The Times of Our Lives

Saturday of the Thirty-third Week in Ordinary Time
November 19, 2022

Today’s Readings:

https://bible.usccb.org/bible/readings/111922.cfm

Today, in God’s Lavish Mercy, our readings are challenging. 

Revelation, a very complex book of the Bible, uses symbols, prophecies and allegorical references to make its point. There are huge bodies of scholarship written in the attempt to interpret these passages.

Our Gospel has Jesus describing what it will be like in heaven – when our human perceptions will be erased and we will finally be absorbed into God’s understanding.

These are BIG thoughts and my mind, at least, needs some more manageable inspirations for my morning prayer.  So here’s how I prayed with these readings today.

Lit yr flowerJPG

What both passages share are continual references to time – past, present and future. They reference then-time, now-time, and to-be-time. These passages, and others in Scripture like them, talk about time like this:

  • “in the days before” (then time)
  • “in the days after” (to -be time)
  • “in the day of” (now time)

So what is this day, November 19th, for me?
How is God revealing Love to me in this, my time? 

Today is among “the days after” the last memorable thing that happened in my life – maybe a good thing, maybe not so much. In “the days after”, we spend time with a completed event – learning, savoring, or perhaps regretting and recovering. The “days after” are a time to pray for grace and blessing over what cannot be changed.

Today is also among “the days before” the next big events of my life. So my prayer includes a petition for new and continued courage, hope and enthusiasm for life.

And, most importantly, today is “a day of”. I ask God to help me see and receive the graces of this present moment – not to miss them because I am looking only back or forward. Let me look God square in the eye on this day, which is the only place that I can really find the God Who is always Now.


The entire liturgical year is built on this understanding of time. 

  • Advent and Lent are “the days before”, the days of preparation, anticipation, imagining, creating, hoping.
  • The feasts like Christmas, Easter and Pentecost are “the days of”, days of celebrating, loving, being with.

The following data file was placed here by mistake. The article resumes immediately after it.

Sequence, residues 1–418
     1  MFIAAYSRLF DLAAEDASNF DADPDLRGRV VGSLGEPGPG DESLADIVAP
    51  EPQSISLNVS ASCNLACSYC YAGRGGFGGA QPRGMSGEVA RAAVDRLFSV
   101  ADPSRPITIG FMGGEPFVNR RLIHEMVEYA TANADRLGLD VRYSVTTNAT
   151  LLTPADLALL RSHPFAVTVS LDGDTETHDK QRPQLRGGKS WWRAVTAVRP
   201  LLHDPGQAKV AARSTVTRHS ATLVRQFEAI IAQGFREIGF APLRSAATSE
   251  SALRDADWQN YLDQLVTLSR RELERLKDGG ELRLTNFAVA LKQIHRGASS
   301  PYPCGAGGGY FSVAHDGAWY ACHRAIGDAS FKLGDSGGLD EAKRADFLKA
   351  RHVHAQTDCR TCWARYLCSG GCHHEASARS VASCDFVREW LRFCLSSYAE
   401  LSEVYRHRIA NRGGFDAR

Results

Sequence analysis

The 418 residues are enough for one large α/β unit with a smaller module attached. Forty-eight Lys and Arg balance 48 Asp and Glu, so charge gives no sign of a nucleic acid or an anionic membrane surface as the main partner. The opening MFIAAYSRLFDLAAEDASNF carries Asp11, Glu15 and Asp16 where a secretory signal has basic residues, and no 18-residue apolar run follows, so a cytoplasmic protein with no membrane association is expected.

• The various Octaves are “the days after”, days of remembering, thanking, appreciating, understanding, mourning, forgiving and savoring
lit yr

Where are you today in the times of your life? It may be in a very different place from what is printed on the calendar. The events of our lives create their own personal liturgies.

No matter where that happens to be, let us meet God there with full and open hearts.


Poetry: from Burnt Norton by T.S. Eliot

Time present and time past
Are both perhaps present in time future,
And time future contained in time past.
If all time is eternally present
All time is unredeemable.
What might have been is an abstraction
Remaining a perpetual possibility
Only in a world of speculation.
What might have been and what has been
Point to one end, which is always present.
Footfalls echo in the memory
Down the passage which we did not take
Towards the door we never opened
Into the rose-garden. My words echo
Thus, in your mind.
But to what purpose
Disturbing the dust on a bowl of rose-leaves
I do not know.
Other echoes
Inhabit the garden. Shall we follow?


Music: God of All My Days – Casting Crowns

Promises, Promises!

Friday of the Thirty-third Week in Ordinary Time
November 18, 2022

Today’s Readings:

https://bible.usccb.org/bible/readings/111822.cfm

Today, in God’s Lavish Mercy, we pray with our longest Psalm 119. 

This morning, we take one little morsel from its extended string of reflections :


The word “promise” can evoke a range of responses from us. Indeed, they are sweet as the psalmist says. But they can also be elusive, ephemeral, and easily broken. I know I’ve have made a few promises in my lifetime that have fizzled away unfulfilled. Haven’t you?

On the other hand, there are some promises, kept, that have rooted and defined my life. These, made in the bud, have blossomed in a long, tendered fidelity. They have dug the deep roots of trust for the essential relationships of my life with God, beloved neighbor, and all Creation.


Such vital promises can be made and kept when we act in the image of God, the loving and faithful Promise Keeper described in Psalm 119:

Your word, LORD, stands forever;
it is firm as the heavens.
Through all generations your truth endures;
fixed to stand firm like the earth.Psalm 119: 89 – 90


Like the psalmist, we pray:

  • to be imitators of God who is always faithful.
  • to be promise-keepers in response to the trust God has placed in us by the gift of our creation.
  • to meditate on, and understand in our hearts, the divine order of God’s immutable Law of Love

Poetry: Psalm 119 – Christine Robinson

Dear God, The seed of your love is deep within
every molecule of the universe, and it abides through time.
The laws of the cosmos serve your purpose to the end.
If I remember this, I can abide all manner of trouble.
If I delight in this, it gives me life.
I belong to you to my very core.
Holding firm to that knowledge, I can live my life in love.
All things will come to and end.
And in the end all will be One
My mind is filled with your Way
Making me wise like a teacher or an elder.
Mastering my life in your way gives me purpose.
Many times I use it to guide my steps.
My mouth waters and my heart softens to consider your Way.

Music: God Hath Not Promised – Annie Johnson Flint

This charming 19th century hymn captures the faithful spirit of it composer whose life, though beset by suffering, radiated faith and joy. 

Read more about her life here

A Dance of Praise

Memorial of St. Elizabeth of Hungary
November 17, 2022

Today’s Readings:

https://bible.usccb.org/bible/readings/111722.cfm